The Dutch nationality ( Dutch ) is the nationality of the Kingdom of the Netherlands . In most cases, it is acquired when the person concerned has at least one Dutch parent (principle of descent ). In the Kingdom of the Netherlands, the place of birth principle is only used in exceptional cases (e.g. foundlings). Citizenship can also be obtained through naturalization ( naturalization ). A simplified procedure is the "option". It applies, for example, to people who were born in the Kingdom of the Netherlands and who also meet certain conditions.
Proof of Dutch citizenship ( verklaring omtrent het bezit van het Nederlanderschap / bewijs van Nederlanderschap ), a travel document ( reisdocument ) or the Dutch identity card ( identiteitskaart ) within the meaning of Para. 4 of the Rijkswet op het Nederlanderschap (RWN).
Basic legal situation
Who is a Dutch citizen is regulated in different legal norms.
- The Statuut voor het Koninkrijk der Nederlanden (Statuut) stipulates that nationality is a matter for the Kingdom of the Netherlands. The individual countries of the Kingdom can therefore not determine their nationality independently.
- The Grondwet (Gw) law stipulates that a law regulates who is a Dutch citizen ( Nederlander ).
- The Rijkswet op het Nederlanderschap (RWN) law regulates how Dutch citizenship can be acquired.
Acquisition of citizenship
Through legal automatism
- A child acquires Dutch nationality at birth if at least one of the parents is a Dutch national at the time.
A child born out of wedlock to a Dutch father and a non-Dutch mother will only acquire them if it was recognized by the father before the birth.
- A foundling found on the territory of the Kingdom or on a ship or in an aircraft that is registered in the Kingdom is a Dutch citizen (exceptional case, here: place of birth principle ), unless it is found within five years of the discovery that the child has a different nationality by birth.
- A child acquires Dutch nationality through birth on the national territory of the Kingdom (exceptional case; here: place of birth principle) if
- at least one parent is domiciled in the Kingdom at the time and
- at least one of the parents of that parent (i.e. a grandparent of the child) had their primary residence in the Kingdom at the time of the parent's birth.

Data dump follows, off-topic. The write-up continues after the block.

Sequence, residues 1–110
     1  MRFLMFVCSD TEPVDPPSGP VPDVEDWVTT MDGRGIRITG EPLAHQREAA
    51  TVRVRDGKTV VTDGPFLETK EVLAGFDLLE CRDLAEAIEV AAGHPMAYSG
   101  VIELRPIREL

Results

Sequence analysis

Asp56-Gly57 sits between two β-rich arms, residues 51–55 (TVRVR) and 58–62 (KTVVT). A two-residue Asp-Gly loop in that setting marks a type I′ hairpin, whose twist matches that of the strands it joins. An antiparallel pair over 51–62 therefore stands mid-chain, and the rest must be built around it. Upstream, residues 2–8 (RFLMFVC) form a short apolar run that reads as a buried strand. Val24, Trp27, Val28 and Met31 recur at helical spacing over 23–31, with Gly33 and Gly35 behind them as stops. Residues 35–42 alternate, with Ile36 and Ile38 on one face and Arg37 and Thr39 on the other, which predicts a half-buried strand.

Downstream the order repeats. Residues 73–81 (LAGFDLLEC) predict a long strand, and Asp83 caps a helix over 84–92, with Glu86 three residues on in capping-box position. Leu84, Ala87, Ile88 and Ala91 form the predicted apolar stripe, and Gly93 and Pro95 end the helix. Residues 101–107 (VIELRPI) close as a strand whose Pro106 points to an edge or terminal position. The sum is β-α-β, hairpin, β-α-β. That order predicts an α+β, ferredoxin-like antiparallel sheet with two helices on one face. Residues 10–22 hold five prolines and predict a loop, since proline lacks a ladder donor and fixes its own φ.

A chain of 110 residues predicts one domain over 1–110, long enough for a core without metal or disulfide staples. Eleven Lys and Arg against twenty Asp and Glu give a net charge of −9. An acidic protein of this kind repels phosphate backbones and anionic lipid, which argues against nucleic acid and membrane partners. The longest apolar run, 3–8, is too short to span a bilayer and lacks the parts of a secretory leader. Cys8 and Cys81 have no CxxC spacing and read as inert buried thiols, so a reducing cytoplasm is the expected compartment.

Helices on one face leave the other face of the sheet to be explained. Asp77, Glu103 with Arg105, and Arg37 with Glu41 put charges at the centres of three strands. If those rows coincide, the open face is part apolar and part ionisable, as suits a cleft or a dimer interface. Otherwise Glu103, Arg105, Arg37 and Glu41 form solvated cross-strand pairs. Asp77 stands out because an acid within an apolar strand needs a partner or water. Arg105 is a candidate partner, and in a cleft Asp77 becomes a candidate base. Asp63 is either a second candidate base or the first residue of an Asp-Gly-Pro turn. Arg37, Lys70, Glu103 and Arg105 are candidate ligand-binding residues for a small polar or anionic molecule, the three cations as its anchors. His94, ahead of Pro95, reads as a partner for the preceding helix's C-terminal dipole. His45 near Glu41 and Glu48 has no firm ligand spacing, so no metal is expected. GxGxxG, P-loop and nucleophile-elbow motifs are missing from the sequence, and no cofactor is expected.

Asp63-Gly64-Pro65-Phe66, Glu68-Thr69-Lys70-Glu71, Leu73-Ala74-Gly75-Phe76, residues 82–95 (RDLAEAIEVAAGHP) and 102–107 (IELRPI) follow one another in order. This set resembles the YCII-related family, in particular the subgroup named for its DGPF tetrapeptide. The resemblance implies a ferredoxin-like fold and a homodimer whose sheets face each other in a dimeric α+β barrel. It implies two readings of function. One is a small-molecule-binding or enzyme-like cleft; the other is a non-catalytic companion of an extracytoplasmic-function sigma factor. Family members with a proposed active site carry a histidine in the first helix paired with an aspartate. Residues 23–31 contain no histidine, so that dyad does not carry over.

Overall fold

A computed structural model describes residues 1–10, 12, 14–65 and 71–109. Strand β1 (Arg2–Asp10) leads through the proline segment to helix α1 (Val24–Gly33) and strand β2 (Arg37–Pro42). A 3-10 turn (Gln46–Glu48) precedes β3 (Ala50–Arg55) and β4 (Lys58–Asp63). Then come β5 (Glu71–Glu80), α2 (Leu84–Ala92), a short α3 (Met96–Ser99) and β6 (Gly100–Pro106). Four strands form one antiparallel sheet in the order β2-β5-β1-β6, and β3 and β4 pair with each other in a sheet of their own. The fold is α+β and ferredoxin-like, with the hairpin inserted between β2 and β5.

- A child acquires Dutch nationality through adoption if at least one of the adoptive parents is Dutch at the time.
Acquiring citizenship through the “option” is a simplified form of naturalization in which certain conditions must be met (RWN). Benefit from this, for example
- adult non-Dutch citizens who were born in the UK and have had their main residence there ever since,
- Non-Dutch nationals who were born in the UK, have had a residence permit there for at least three years, have their main residence there and have been stateless since birth ,
- Minors, non-Dutch, who have been recognized by one of the Dutch parents but have not become Dutch, if they have been cared for and raised by the parent concerned for at least three years,
- Non-Dutch citizens who have had a Dutch spouse (or registered partner) for at least three years and who have had a residence permit and main residence in the UK for at least fifteen years and
- Non-Dutch nationals who are at least 65 years old and who have had a residence permit and main residence in the UK for at least fifteen years.
A candidate must not have been in prison or have been fined heavily, or be married to more than one spouse in the previous four years. Candidates who are at least 16 years old have to take part in a naturalization ceremony at the end of the option procedure, at which they have to submit the declaration of loyalty ( verklaring van verbondenheid ).
The procedure lasts three months, which is shorter than the one-year naturalization procedure. In addition, the application for an option is associated with lower costs for the applicant than the application for naturalization.
The acquisition of citizenship through granting takes place on the basis of naturalization . Anyone wishing to acquire Dutch citizenship through naturalization must in principle meet a number of requirements ( RWN), including:
- He must be of legal age (18 years or older).